The corporate welfare recipients of the newspaper industry argued that politicians would use the choice to punish newspapers who didn’t give them favorable coverage, and that the savings wasn’t that much, if anything. In their final push to kill the bill, which worked, they argued that some towns don’t have websites that could handle the ads.
The legislature’s Democratic leadership, Senate President Stephen Sweeney and Assembly Speaker Shelia Oliver, killed the bill by not letting their chambers vote on it.
Well, thanks to the good nudniks of Neptune, The Asbury Presseditorial board, we now have a solution to the problem of a small number of towns not having websites that can handle posting legal notices. Notice publication could be a shared service hosting by the Department of Community Affairs or by the counties.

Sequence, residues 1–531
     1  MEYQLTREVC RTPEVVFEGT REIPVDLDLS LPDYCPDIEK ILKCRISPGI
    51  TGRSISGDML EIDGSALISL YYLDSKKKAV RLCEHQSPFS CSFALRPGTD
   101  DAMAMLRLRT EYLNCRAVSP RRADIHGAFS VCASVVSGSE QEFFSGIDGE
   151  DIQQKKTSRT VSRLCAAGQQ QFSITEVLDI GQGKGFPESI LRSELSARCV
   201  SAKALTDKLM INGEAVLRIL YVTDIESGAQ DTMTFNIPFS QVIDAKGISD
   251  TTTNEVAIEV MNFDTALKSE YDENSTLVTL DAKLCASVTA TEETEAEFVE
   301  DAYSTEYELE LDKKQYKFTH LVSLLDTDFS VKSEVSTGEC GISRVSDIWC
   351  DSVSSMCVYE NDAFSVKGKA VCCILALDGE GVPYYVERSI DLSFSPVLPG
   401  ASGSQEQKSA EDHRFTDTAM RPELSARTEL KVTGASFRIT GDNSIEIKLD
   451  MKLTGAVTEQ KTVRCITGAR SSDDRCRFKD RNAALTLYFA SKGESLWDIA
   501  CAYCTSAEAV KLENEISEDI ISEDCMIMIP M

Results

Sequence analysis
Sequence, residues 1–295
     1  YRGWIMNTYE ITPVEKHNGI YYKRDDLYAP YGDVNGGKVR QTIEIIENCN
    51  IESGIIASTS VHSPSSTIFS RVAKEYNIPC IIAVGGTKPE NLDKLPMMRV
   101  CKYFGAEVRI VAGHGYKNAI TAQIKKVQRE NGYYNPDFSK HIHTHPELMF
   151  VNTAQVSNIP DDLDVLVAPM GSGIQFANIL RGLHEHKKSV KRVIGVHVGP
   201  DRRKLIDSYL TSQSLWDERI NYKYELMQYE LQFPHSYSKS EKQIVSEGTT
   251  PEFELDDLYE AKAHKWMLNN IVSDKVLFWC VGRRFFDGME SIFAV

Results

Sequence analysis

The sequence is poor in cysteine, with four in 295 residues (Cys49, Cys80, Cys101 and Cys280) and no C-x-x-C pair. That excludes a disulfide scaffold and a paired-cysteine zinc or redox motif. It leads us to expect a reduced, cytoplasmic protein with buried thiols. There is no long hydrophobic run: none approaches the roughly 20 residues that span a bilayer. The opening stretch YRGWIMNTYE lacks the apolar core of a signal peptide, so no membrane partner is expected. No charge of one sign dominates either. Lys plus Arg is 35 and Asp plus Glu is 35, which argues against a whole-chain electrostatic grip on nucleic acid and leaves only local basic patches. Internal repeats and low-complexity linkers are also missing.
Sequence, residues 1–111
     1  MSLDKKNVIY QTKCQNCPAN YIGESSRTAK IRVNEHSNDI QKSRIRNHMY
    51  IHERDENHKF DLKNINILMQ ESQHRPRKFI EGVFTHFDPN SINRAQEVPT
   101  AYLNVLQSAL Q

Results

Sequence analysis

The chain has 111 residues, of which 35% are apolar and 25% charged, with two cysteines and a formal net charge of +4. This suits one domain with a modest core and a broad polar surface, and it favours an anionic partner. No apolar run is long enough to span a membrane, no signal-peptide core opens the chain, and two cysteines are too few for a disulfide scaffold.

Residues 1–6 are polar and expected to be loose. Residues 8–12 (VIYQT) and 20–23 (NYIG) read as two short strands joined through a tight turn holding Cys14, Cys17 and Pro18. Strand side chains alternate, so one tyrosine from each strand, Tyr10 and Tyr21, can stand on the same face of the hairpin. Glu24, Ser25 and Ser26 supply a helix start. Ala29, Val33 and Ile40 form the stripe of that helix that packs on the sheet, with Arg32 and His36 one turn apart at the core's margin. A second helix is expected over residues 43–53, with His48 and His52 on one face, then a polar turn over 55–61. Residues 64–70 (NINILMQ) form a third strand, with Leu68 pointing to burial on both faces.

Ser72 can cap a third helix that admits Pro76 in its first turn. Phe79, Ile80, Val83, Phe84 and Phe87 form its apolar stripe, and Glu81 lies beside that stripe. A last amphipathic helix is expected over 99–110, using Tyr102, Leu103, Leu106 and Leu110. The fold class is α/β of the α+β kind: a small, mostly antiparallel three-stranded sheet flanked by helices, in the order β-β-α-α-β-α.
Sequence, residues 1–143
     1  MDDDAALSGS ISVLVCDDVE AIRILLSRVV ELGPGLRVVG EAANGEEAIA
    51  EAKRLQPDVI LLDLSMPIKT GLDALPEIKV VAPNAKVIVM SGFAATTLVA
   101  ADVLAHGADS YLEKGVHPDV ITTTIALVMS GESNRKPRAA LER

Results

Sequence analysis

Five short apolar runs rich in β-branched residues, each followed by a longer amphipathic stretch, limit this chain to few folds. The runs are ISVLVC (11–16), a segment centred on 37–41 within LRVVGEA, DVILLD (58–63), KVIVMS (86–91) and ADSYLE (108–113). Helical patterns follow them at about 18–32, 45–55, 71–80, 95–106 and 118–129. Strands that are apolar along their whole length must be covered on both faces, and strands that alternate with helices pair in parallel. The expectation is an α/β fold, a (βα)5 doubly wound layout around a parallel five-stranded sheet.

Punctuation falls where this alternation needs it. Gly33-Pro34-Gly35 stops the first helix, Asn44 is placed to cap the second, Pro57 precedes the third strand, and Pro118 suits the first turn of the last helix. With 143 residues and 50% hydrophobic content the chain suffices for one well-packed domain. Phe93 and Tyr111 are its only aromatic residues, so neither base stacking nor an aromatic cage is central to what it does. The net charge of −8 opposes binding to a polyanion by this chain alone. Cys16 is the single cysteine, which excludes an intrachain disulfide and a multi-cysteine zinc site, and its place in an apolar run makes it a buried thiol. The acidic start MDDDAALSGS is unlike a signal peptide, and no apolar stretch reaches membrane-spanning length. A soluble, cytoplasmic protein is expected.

Sweeney has already announced that the legal notice bill will not be a priority in the legislative session that just started, signaling to the reformers that support they bill that they shouldn’t bother. Now that The Asbury Park Press has come up with a solution to the newspaper industry’s latest objection, maybe Sweeney will reconsider.
In their editorial, Change inevitable for post office, The Asbury Park Press editorial board accurately spells out how the Internet and digital technology has changed the economics of information delivery, making the United States Postal Service obsolete and insolvent.
The post office is undergoing a major downsizing. Appropriately so because people are just not using it they way we used to. Electronic exchange of documents and information is just far more efficient than physically moving paper across town or across the country.
The Press concludes that, “we cannot subsidize what should be a self-sustaining entity any more than we could subsidize the buggy whip industry at the turn of the last century.”